David Powell

Photo of David Powell
Senior Economist; Professor, Pardee RAND Graduate School
Off Site Office


Ph.D. in economics, Massachusetts Institute of Technology; B.A. in applied mathematics, Harvard University


David Powell is a senior economist at the RAND Corporation and a member of the Pardee RAND Graduate School faculty. His areas of expertise include public finance, health economics, labor economics, and econometrics.

Powell's research examines shifts in the opioid crisis, the effects of tax policy on labor supply and health care decisions, and the role of health insurance benefit design.  He has also developed methods to estimate quantile treatment effects and extended the use of synthetic control methods. 

Powell earned his Ph.D. in economics from the Massachusetts Institute of Technology.

Research Focus

Selected Publications

David Powell and Seth Seabury, "Medical Care Spending and Labor Market Outcomes," American Economic Review, 108(10), 2018

Abby Alpert, Bill Evans, Ethan Lieber, and David Powell, "Origins of the Opioid Crisis and Its Enduring Impacts," The Quarterly Journal of Economics, 137(2), 2022 (forthcoming)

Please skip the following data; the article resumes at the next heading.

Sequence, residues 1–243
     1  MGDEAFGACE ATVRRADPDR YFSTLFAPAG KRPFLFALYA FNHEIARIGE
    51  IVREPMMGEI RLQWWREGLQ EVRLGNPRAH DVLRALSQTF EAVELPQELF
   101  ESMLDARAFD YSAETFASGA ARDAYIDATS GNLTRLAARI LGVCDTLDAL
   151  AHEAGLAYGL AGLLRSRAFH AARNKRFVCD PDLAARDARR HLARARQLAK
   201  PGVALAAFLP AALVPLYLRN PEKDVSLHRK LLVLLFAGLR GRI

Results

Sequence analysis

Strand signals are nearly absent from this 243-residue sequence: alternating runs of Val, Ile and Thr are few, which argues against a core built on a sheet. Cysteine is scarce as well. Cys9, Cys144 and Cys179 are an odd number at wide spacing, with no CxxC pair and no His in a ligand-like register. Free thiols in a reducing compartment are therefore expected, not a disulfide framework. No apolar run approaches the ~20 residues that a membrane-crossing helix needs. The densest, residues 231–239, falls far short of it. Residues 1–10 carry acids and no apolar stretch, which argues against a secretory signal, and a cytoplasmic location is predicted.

David Powell, "Quantile Treatment Effects in the Presence of Covariates," Review of Economics and Statistics, 102(5), 2020

David Powell and Dana Goldman, "Disentangling Moral Hazard and Adverse Selection in Private Health Insurance," Journal of Econometrics, 222(1), 2021

Abby Alpert, David Powell, and Rosalie Liccardo Pacula, "Supply-Side Drug Policy in the Presence of Substitutes: Evidence from the Introduction of Abuse-Deterrent Opioids," American Economic Journal: Economic Policy, 10(4), 2018

David Powell, "Does Labor Supply Respond to Transitory Income? Evidence from the Economic Stimulus Payments of 2008," Journal of Labor Economics, 38(1), 2020

David Powell and Hui Shan, "Income Taxes, Compensating Differentials, and Occupational Choice: How Taxes Distort the Wage-Amenity Decision," American Economic Journal: Economic Policy, 4(1), 2012

David Powell, "Synthetic Control Estimation Beyond Comparative Case Studies: Does the Minimum Wage Reduce Employment?" Journal of Business & Economic Statistics, 2021


  • A used needle sits on the ground in a park where there were raids to break up heroin and fentanyl drug rings in Lawrence, Massachusetts, May 30, 2017, photo by Brian Snyder/Reuters

    Opioids and a Crisis of Unintended Consequences

    The pain medicine OxyContin was reformulated in 2010 to make it more difficult to crush or dissolve. But this had unintended consequences, including a rise in hepatitis C infections as drug abusers switched from taking OxyContin to injecting heroin.

    Feb 20, 2019 The Hill